Engaging Special-Needs Kids in Athletics - by Wiley HumphreyFrom the Coach’s Clipboard Basketball Playbook
Wiley Humphrey works as a technical writer focused on generating interesting athletic and academic content. He has substantial experience in writing about leadership, training trends, interscholastic athletics research, athletic equipment, and game-changing athletes. As a veteran swimmer and waterpolo player in Florida, Wiley appreciates the subjective and objective athletic perspectives. His goal is to bring academics, athletics, research, and fun strategies to coaches.
Investing in their interest is beneficial for them and possibly for professional sports
Professional sports aren't attracting the America's attention like they once were. Younger generations are showing a lack of interest for a myriad of reasons - other interests, professional drama and hypocrisy, advertisement oversaturation, controversy, cheating, etc.
No, professional sports aren't going anywhere anytime soon as they are still loved by many Americans. Plus, they are heavily invested in by both the private and public, so no one wants to see their demise. Although the end of professional sports is still probably far off, their relevance has declined and projected to decline further.
For example, only 20% of 18-29 year-olds follow the MLB. Between expensive tickets and cable provider disputes, games can be difficult to view. In a world where ease of accessibility is king, anything that is difficult to view will be overlooked for easier options. Granted, the MLB is looking to technology to save increase fandom, but more can be done.
The NFL is also experiencing fanbase issues and they are barely holding the majority in some cases. 54% of high schoolers and younger are interested in the NFL according to a recent Gallup poll, which isn't enough for America's popular pastime. The percentages are down for every age range, but the lower they are for younger generations means a lack of future support.
So how do organizations like the MLB and NFL improve their projected relevance? They can increase awareness by calling for parents, coaches, and administrative staff to engage young special-needs kids in athletics. It benefits the professional sports fanbase and, more importantly, the kids.
Special-Needs Kids Can Participate in More Activities Today
There are at least 6.5 million children between 3-21 years old that are living with special-needs. Whether it is autism, Down's syndrome, or other physical/mental complications, these children need special accommodations in order to be comfortable and live a healthy life.
Fortunately, America has seen a surge in awareness, treatment, and technology that allow special-needs kids to pursue an independent and fulfilling life. Mobility tech can assist with swinging a bat and throwing a ball, and visual tech like VR can put kids right on the field with professional athletes.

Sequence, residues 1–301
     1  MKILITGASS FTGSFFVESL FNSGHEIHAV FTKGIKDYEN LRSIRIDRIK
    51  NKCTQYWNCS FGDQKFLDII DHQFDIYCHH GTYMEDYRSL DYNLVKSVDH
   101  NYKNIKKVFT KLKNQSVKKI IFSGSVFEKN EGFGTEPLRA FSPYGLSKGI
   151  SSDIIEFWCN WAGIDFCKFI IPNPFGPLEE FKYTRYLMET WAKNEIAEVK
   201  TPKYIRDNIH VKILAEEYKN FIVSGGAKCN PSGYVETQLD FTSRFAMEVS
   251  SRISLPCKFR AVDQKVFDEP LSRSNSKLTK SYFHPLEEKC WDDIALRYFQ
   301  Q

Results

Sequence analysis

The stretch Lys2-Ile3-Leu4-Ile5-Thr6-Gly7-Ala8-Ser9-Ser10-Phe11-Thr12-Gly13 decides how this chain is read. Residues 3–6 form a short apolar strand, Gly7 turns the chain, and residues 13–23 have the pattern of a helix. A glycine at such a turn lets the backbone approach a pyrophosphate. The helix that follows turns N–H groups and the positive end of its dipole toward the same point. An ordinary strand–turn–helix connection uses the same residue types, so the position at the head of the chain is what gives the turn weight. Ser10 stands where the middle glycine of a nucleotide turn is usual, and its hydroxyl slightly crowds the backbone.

If the NFL and MLB want to flex their social responsibility muscle, improve their fanbase, and enhance kids' lives, then reaching out to parents and youth coaches would be the answer. By providing incentive and resources, those working with special-needs kids can further involve them in fun activities and expose them to the exciting world of "cheering for your team".
It's important to note there is consideration for special-needs families, and that these organizations do their part to donate and raise awareness for them. This solution to improving their fanbase would require them to delve further, investing more into special-needs.
How to Engage Special-Needs Kids in Sports Safely
Improving their standing with younger and special-needs generations doesn't have to be a selfish act. It's mutually beneficial to the organization, the kids, and those working with special-needs. By providing up-to-date resources, funding, and equipment in return for active participation and support is a win-win. Because their perception or ability in the world requires a different approach, engaging kids in athletics needs to have additional consideration.
To start, helping parents safely and comfortably integrate their kids into athletics without it being a traumatizing experience:
Follow the kid's leadListen to them and their preferences. Try a few different sports until one feels like the right fit for them. It may take some time depending on their social and physical capabilities but nurture the attempts without pushing too hard.
Celebrate successProgress is the true victory, not winning or losing. When supporting your kid in athletics, build off their improvement and not on winning. The same goes for when viewing professional sports - teach them to notice when teams or players are improving. Draw correlations between improvement and winning so they are inspired to do the same.
Participate dailyPlay, discuss, watch, and get passionate about the sport they are playing. It's not just mentally/physically beneficial for them to play, but a bonding opportunity for the whole family. Making memories while watching football, or the excitement of cheering for your favorite baseball player are the real benefit to sports.
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